- April 5, 2020
- By Nikki Basin
- 20 comments
Can tenants terminate their tenancies early due to COVID-19?
Many tenants in the private rented sector, particularly students who have other accommodation outside of term-time, are asking landlords whether they can terminate their tenancies early in response to the coronavirus outbreak. This blog looks at the legal position on terminating tenancies early and what landlords should be considering when dealing with such requests from their tenants.
Force Majeure is a contractual term mostly found in commercial contracts allowing parties to exit or delay the performance of the contract when a specified event that is beyond the parties control occurs. These events are usually an act of God, natural disasters, fire, flood, war, acts of terrorism etc. Most contracts will specify what the specified event may be allowing the parties to exit/delay performance of the contract. However, in the context of residential tenancies, you are less likely to find a force majeure clause allowing parties to end their tenancy agreement. Therefore, unless your tenancy agreement has a force majeure clause your tenants will not be able to rely on this.
In such cases your tenants may wish to consider whether it is possible for them to rely on the common law doctrine of frustration. Frustration allows a contract to be discharged if unforeseen events occur that will make performance of the contract a) impossible b) illegal or c) if the central purpose of the contract has changed. If there has been an event frustrating the contract, then the contract will end, and parties will be released from the contract.
Most residential tenants will not be looking to end their tenancies during this turbulent time. However, student tenants may wish to end their tenancies early to return home to their parents and/ or back to their home countries during the pandemic. However, where they are part-way through a fixed-term contract, they are unlikely to be able to rely on frustration or a force majeure clause to end their tenancy early. This is because their decision to move back home is a personal decision and the accommodation is still available for them. The fact that university campus buildings may be closed, and teaching may have temporarily ceased does not affect the performance of the tenancy. Some landlords may be willing to negotiate with the tenants to agree rent suspensions for a specified period, rent reductions or a change in the way in which rent is paid. Many landlords may be reluctant to release students from their tenancies early as they will find it difficult to re-let their properties during the current crisis.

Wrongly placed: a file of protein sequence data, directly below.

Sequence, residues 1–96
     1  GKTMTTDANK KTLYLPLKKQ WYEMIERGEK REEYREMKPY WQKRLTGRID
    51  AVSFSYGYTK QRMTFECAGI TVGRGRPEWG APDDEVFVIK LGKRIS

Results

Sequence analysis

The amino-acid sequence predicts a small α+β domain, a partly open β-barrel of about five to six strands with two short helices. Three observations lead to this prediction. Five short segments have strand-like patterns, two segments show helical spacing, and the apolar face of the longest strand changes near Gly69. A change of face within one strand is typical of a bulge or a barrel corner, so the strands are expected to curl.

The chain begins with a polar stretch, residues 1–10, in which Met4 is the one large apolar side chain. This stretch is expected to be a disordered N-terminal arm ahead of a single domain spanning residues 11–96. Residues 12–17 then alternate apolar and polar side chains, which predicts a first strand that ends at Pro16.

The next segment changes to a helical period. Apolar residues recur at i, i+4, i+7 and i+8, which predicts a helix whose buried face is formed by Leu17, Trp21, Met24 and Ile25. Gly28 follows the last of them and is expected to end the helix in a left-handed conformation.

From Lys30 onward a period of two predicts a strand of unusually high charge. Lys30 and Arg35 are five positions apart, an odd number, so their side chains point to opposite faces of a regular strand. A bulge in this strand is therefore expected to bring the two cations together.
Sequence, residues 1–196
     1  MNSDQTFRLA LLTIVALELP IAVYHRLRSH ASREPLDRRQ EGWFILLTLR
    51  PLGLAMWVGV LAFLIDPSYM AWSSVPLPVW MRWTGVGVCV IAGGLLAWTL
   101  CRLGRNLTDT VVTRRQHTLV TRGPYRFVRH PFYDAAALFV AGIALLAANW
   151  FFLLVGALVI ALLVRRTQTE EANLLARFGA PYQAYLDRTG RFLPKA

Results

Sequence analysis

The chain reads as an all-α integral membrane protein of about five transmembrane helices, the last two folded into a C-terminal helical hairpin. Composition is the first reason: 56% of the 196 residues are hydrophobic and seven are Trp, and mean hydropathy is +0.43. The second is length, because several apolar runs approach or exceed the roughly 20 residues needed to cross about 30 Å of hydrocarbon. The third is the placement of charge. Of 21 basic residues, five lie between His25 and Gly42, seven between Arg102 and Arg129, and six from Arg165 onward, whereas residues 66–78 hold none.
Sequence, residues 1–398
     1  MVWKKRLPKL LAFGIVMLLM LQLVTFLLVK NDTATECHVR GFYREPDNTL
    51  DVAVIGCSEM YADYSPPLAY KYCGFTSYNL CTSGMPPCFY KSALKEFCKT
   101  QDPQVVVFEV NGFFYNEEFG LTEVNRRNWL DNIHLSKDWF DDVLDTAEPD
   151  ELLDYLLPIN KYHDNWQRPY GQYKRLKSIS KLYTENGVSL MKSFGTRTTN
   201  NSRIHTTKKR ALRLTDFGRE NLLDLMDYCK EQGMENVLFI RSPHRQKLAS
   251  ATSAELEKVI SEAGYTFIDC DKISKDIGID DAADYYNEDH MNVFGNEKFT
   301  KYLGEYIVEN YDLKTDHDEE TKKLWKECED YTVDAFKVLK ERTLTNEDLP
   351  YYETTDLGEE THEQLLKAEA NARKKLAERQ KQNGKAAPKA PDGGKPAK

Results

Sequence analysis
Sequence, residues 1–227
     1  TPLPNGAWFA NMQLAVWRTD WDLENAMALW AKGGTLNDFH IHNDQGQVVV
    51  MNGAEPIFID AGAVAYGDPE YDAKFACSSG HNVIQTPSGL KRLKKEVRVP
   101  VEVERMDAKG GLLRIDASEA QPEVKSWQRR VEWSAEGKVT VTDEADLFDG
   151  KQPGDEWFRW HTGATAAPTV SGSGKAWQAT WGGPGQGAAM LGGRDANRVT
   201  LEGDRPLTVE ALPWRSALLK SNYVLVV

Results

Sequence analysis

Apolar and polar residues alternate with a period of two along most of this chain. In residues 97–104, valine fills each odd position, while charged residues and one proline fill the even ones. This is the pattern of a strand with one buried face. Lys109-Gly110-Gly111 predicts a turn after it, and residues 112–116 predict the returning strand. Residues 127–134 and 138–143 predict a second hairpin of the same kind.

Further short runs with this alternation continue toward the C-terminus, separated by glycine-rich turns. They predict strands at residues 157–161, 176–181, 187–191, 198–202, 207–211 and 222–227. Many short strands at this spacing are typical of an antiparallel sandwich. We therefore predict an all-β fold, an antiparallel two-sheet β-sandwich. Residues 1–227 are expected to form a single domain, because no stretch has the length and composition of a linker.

In cases, where accommodation has not been taken up yet by a student who is abroad the situation may be different. For example, international students who are unable to travel or obtain the necessary study visas as a result of coronavirus disruption may be in a stronger position to argue frustration. However, the threshold is a high one and each tenant’s individual circumstances would need to be considered.
So, are there any alternative methods that can be used to end tenancies?
If you have an Assured Shorthold tenancy agreement which is currently in its fixed term you may wish to check if your tenancy agreement has a break clause. A break clause may allow your tenant to end the tenancy before the end of the fixed term by giving notice in accordance with the break clause. A well drafted agreement should set out when the break clause can be exercised, the length of notice required, the form of the notice and the method of service on the landlord. It is important that the notice complies with the requirements in the tenancy agreement otherwise it may be not be valid and the tenancy will not terminate.
It is always possible for parties to agree to end the tenancy at any time by way of a surrender. Express surrender needs to be by way of a deed of surrender which will formalise the agreement and release both parties from their obligations. If you are agreeable to an early release of a tenant, then you should formalise this arrangement by way of a deed of surrender.
If you are unsure of what you can do and seek legal advice, then get in contact with our legal team who will be happy to advise you further on your options.
*Disclaimer: The information on the Anthony Gold website is for general information only and reflects the position at the date of publication. It does not constitute legal advice and should not be treated as such. It is provided without any representations or warranties, express or implied.*
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